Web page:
Memories of the past are missing in recent generations. There has been no communication of the past between generations and the young (both the young workers of the souk and university students) hardly even know where the mellah is, given that Moroccan Jews make up an ephemeral and superficial presence in Morocco today. The young think that Jews abandoned a country heedlessly, making themselves seem ungrateful and craven. The stereotypes evoked when the Jewish presence in Morocco is spoken of lead us to dwell on the influence that the media and Islamist-leaning popular literature has been able to wield on this sector of Moroccan society, devoid of any direct experience of the Jewish presence in Morocco.
One exception to this are the Berber students attending Meknes University. Given the fact that inter-generational information transfer in a rural context (such as that of the Berbers in south-east Morocco) and in a culture where an oral tradition like the Berbers’ is greater than in a non-Berber city environment subject to greater mobility, students have held on to a greater memory of the Jewish presence in the south of Morocco. Through their words and memories handed down by their families, there emerge still well-preserved proverbs, traditions, events and stories, together with feelings of nostalgia for a time which has now become a myth. These are memories that are also reinforced when Moroccan Jews make pilgrimage to the tombs of the saints, attend the cemeteries where the members of their own families are buried or when they go to see the houses they have abandoned. These students, often belonging to radical Berber associations, also seem to admire and identify with those Jews who left for nationalist reasons.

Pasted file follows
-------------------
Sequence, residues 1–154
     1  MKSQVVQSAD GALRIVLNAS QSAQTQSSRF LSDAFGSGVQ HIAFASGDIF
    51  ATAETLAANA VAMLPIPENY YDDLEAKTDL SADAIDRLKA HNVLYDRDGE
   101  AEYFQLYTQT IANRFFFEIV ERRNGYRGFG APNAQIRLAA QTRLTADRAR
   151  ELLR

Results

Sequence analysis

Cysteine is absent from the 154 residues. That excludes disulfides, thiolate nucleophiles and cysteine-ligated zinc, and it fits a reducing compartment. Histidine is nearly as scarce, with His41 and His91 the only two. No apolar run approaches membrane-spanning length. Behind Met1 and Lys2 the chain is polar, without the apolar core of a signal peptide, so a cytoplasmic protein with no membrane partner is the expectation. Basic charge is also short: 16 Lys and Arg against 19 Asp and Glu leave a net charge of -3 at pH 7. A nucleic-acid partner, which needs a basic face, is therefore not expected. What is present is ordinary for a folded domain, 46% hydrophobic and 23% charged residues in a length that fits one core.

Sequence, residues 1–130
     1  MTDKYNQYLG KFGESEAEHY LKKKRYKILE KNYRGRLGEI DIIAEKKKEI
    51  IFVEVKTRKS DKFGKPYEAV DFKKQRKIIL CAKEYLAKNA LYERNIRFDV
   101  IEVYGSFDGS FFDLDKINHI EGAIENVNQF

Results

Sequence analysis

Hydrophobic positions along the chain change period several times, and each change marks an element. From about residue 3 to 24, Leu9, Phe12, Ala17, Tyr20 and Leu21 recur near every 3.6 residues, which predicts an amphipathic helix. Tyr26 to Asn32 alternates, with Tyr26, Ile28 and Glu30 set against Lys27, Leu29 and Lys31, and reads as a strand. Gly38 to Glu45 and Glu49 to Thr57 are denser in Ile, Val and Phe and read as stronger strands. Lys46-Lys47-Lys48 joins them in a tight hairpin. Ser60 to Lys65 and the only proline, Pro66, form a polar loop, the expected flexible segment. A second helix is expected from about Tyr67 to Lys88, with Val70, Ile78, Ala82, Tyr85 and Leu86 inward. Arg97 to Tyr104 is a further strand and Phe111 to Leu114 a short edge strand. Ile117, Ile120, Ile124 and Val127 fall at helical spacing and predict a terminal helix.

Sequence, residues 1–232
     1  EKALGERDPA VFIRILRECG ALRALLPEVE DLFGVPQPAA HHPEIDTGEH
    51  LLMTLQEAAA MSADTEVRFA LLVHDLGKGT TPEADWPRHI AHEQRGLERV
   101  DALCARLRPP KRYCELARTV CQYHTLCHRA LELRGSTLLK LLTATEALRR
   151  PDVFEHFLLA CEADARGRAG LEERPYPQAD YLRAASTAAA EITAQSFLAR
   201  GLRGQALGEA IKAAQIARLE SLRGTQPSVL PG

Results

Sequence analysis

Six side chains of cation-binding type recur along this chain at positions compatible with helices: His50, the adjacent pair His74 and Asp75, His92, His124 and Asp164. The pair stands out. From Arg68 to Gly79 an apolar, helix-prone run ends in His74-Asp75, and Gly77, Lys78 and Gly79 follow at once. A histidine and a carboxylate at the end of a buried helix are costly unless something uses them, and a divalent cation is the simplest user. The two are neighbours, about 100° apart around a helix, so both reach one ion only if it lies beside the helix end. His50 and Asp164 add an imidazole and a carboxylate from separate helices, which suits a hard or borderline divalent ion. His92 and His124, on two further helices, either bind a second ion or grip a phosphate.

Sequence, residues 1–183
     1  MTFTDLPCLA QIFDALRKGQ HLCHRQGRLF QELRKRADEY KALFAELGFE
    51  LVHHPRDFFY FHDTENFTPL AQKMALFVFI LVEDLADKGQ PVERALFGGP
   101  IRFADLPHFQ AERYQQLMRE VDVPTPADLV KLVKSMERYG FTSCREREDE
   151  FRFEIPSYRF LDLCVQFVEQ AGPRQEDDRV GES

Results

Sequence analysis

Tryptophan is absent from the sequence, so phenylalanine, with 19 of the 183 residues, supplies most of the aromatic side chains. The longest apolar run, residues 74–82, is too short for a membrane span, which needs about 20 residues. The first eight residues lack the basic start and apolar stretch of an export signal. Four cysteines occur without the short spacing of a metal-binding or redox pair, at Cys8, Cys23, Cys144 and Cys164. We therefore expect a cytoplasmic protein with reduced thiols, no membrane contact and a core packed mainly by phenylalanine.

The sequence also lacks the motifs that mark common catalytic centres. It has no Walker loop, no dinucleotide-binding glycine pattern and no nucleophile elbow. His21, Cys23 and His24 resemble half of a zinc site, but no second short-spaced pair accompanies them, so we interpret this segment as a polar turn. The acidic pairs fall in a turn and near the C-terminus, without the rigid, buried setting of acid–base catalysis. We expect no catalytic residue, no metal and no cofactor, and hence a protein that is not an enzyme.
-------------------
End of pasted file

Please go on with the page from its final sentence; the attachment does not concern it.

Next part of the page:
If so far we have drawn a picture of a generally shared nostalgia, with the exception of young people, Arab students, women who had no opportunity for contact with the Jews and lastly the wealthier classes, memories do not coincide and are no longer shared when we refer to the reasons why the Jews of Morocco departed. This removal from memory concerns in particular the killing of two youths in the new mellah of Meknes at the outbreak of the Six-Day War,34 murders which the Jews who stayed and those interviewed in France and Israel remember well but which have fallen into oblivion for Muslims. This occurrence, as has been very well explained by Avishai Margalit, is understandable, for reasons of personal implications in the processes of memory. In this regard, Margalit has quite rightly pointed out that blacks in the United States have a detailed memory of the killing of Martin Luther King while the opposite is true when it is a question of remembering the assassination of John Kennedy.35